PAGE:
Economic factors probably contribute to the trend as well. Despite all the talk about stimulating the economy, conquering deflation, and boosting wages, incomes remain stagnant, and steady jobs are hard to find. The younger generation is by no means insulated from the stresses and strains of this economy situation. The bottom line is that they have less money to spend on leisure activities, and visiting temples and shrines is a cheap and accessible form of recreation. Nowadays a day at Tokyo Disneyland costs at least ¥10,000 per person. But one can tour the grounds of Ise Shrine for nothing at all, apart from a few coins tossed in the offertory box. “Power spots” in general are a good choice for the budget-minded, and Shintō shrines, which typically charge no admission at all, are especially attractive from this viewpoint.

Still, while budgetary considerations doubtless play some role, they do not explain why the young visitors arrive at these temples and shrines so well versed in religious etiquette. To my mind, the best explanation for their behavior is that they have a genuine interest in religion.

Postwar Urbanization and the Sōka Gakkai

The younger generation’s interest in spiritual matters is scarcely a new phenomenon. Indeed, one could argue that since the end of World War II, young people have been the driving force behind all the noteworthy developments in Japanese spirituality.

One of the biggest changes in Japanese religion since the end of World War II has been the rise of lay movements tied to Nichiren and Hokke Buddhism, most notably, Sōka Gakkai and Risshō Kōsei-kai. The growth and spread of these organizations, referred to in Japan as shin shūkyō (new religions), was powered primarily by young people who flocked from the countryside to Tokyo and other large urban areas during the period of rapid economic growth from the mid-1950s to the early 1970s. These migrants, many of them the second or third sons of farmers, found themselves isolated and adrift in the big city, and Sōka Gakkai offered them the social support and sense of community they sorely needed, as I explain in my 2004 book Sōka Gakkai. The same can be said of Risshō Kōsei-kai.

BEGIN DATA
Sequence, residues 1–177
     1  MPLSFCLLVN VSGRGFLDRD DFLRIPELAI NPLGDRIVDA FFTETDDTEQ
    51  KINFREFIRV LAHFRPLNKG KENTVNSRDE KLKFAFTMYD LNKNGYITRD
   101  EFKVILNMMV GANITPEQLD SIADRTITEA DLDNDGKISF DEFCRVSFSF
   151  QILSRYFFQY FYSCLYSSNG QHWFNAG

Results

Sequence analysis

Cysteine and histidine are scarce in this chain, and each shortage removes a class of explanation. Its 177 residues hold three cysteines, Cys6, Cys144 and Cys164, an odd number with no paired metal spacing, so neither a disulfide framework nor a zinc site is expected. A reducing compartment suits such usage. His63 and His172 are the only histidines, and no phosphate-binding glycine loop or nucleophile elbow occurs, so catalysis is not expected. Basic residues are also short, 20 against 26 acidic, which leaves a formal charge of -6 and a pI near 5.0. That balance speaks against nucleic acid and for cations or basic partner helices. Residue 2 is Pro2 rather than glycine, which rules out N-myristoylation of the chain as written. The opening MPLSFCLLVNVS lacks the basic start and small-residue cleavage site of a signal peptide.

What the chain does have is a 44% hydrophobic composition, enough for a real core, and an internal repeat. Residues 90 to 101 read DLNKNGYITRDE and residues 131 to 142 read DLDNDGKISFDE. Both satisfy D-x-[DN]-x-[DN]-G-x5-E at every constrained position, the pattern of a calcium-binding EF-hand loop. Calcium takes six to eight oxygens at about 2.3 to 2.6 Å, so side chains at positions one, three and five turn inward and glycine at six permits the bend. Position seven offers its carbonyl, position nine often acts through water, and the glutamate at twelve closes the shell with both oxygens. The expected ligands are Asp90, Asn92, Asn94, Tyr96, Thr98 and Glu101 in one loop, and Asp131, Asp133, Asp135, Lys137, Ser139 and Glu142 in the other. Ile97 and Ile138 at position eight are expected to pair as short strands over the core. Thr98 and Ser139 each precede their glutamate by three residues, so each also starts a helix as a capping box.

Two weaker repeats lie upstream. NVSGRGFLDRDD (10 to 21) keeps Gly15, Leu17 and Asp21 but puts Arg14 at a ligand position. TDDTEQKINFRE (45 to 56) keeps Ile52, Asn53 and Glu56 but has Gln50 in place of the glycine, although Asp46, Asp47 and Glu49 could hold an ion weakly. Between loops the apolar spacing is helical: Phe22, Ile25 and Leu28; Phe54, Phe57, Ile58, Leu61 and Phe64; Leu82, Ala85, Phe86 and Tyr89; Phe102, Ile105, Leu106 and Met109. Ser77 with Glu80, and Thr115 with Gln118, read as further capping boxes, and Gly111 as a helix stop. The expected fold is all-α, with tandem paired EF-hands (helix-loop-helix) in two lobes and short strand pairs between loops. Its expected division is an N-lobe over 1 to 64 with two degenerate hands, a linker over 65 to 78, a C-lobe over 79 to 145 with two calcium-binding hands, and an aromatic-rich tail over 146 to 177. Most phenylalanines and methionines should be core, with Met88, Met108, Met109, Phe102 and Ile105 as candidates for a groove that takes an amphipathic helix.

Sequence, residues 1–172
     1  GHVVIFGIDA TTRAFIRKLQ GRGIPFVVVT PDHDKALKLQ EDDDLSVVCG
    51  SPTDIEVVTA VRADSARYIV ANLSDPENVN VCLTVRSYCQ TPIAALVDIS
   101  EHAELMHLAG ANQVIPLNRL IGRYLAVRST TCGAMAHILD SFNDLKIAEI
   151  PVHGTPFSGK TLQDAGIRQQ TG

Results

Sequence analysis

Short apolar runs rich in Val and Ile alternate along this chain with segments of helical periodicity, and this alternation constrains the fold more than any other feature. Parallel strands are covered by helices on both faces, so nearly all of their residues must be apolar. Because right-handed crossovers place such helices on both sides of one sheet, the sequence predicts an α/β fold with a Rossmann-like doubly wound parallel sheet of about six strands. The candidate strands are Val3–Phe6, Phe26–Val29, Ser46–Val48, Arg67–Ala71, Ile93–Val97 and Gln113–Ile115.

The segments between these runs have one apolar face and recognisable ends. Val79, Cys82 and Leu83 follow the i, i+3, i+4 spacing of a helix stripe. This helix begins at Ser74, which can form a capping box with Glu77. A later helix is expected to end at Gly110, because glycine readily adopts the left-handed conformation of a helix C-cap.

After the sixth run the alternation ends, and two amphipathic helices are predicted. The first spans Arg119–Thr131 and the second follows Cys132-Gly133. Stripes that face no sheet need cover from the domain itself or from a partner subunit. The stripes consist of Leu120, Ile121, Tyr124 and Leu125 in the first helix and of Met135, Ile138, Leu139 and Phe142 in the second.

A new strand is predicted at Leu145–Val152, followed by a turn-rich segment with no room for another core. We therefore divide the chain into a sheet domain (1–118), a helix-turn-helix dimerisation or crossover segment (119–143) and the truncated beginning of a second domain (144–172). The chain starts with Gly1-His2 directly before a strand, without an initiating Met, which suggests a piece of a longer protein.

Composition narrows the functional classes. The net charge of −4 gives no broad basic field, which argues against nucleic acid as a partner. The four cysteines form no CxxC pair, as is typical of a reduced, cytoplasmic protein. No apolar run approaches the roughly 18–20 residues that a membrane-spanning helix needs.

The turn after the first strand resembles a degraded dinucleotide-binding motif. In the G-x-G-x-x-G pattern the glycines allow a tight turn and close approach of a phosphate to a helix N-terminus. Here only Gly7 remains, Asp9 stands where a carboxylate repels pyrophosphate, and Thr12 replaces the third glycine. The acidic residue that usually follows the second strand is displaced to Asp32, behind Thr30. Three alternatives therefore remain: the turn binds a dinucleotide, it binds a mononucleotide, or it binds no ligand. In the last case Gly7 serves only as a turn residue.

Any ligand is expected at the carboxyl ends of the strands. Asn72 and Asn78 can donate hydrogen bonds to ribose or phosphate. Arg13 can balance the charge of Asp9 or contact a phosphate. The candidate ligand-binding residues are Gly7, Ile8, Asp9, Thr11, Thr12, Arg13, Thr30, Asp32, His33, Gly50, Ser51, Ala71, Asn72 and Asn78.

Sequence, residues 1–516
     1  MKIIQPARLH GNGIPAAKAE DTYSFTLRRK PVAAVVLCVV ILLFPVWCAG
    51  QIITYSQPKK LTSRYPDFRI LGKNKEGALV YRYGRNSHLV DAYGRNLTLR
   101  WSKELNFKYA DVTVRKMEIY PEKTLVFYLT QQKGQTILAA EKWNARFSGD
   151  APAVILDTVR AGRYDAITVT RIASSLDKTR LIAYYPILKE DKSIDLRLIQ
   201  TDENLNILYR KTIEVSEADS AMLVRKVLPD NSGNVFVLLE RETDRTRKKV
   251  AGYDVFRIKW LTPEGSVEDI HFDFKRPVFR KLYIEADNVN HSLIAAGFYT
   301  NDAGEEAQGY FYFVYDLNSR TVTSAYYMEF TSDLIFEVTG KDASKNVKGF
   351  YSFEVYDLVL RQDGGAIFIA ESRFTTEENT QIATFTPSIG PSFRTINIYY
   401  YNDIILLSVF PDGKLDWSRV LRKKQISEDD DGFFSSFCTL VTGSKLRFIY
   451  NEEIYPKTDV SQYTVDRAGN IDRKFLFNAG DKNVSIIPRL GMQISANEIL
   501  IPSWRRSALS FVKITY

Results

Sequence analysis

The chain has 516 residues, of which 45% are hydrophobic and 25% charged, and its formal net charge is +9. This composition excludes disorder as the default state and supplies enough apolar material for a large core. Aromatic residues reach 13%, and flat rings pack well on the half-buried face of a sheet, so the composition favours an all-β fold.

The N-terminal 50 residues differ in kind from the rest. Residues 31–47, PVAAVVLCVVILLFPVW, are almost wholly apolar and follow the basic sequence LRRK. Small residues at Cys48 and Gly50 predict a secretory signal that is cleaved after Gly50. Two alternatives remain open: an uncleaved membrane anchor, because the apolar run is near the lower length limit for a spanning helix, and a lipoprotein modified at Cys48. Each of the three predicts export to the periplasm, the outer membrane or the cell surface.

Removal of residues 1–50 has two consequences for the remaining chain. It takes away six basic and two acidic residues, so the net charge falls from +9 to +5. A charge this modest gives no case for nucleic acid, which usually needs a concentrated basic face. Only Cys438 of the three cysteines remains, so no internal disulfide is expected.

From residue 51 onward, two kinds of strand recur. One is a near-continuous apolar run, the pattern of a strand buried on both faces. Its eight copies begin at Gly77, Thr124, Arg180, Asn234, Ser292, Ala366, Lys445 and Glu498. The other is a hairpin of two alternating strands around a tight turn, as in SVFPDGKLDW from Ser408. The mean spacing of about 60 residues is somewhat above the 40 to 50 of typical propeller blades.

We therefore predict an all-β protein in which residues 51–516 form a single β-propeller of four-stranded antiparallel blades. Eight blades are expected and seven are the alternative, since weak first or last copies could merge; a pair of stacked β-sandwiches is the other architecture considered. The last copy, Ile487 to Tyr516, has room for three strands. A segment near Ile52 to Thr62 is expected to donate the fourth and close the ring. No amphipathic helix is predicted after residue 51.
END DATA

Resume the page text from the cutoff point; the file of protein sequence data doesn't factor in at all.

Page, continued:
We can get a sense of the pivotal role the younger generation played in the early growth of Sōka Gakkai from the mass rally held at the foot of Mount Fuji in 1954, just before the organization plunged into politics. Attending the rally were some 13,000 members of Sōka Gakkai’s youth division (divided into a young men’s corps and a young women’s corps). It was their task to recruit new followers through the practice of shakubuku, an aggressive and sometimes coercive approach to proselytizing advocated by the priest Nichiren (1222–82). The major reason the organization chose Mount Fuji as the location for the rally was that it was the site of Taisekiji, head temple of the Nichiren Shōshū sect, with which Sōka Gakkai was then affiliated.

Nowadays, people tend to associate Sōka Gakkai and the other shin shūkyō with middle-aged women, but at that time, their membership was dominated by young people. And the same can be said of the religious movements and cults that have emerged since then.

Millennial Cults of the 1970s

The shin shūkyō that thrived in the heyday of rapid economic growth and urbanization lost momentum during the 1970s, particularly after the economic slowdown precipitated by the oil crisis of 1973. Sōka Gakkai’s problems were exacerbated by a wave of bad publicity in the media following its attempt, during 1969 and 1970, to suppress the publication of a book harshly critical of the organization.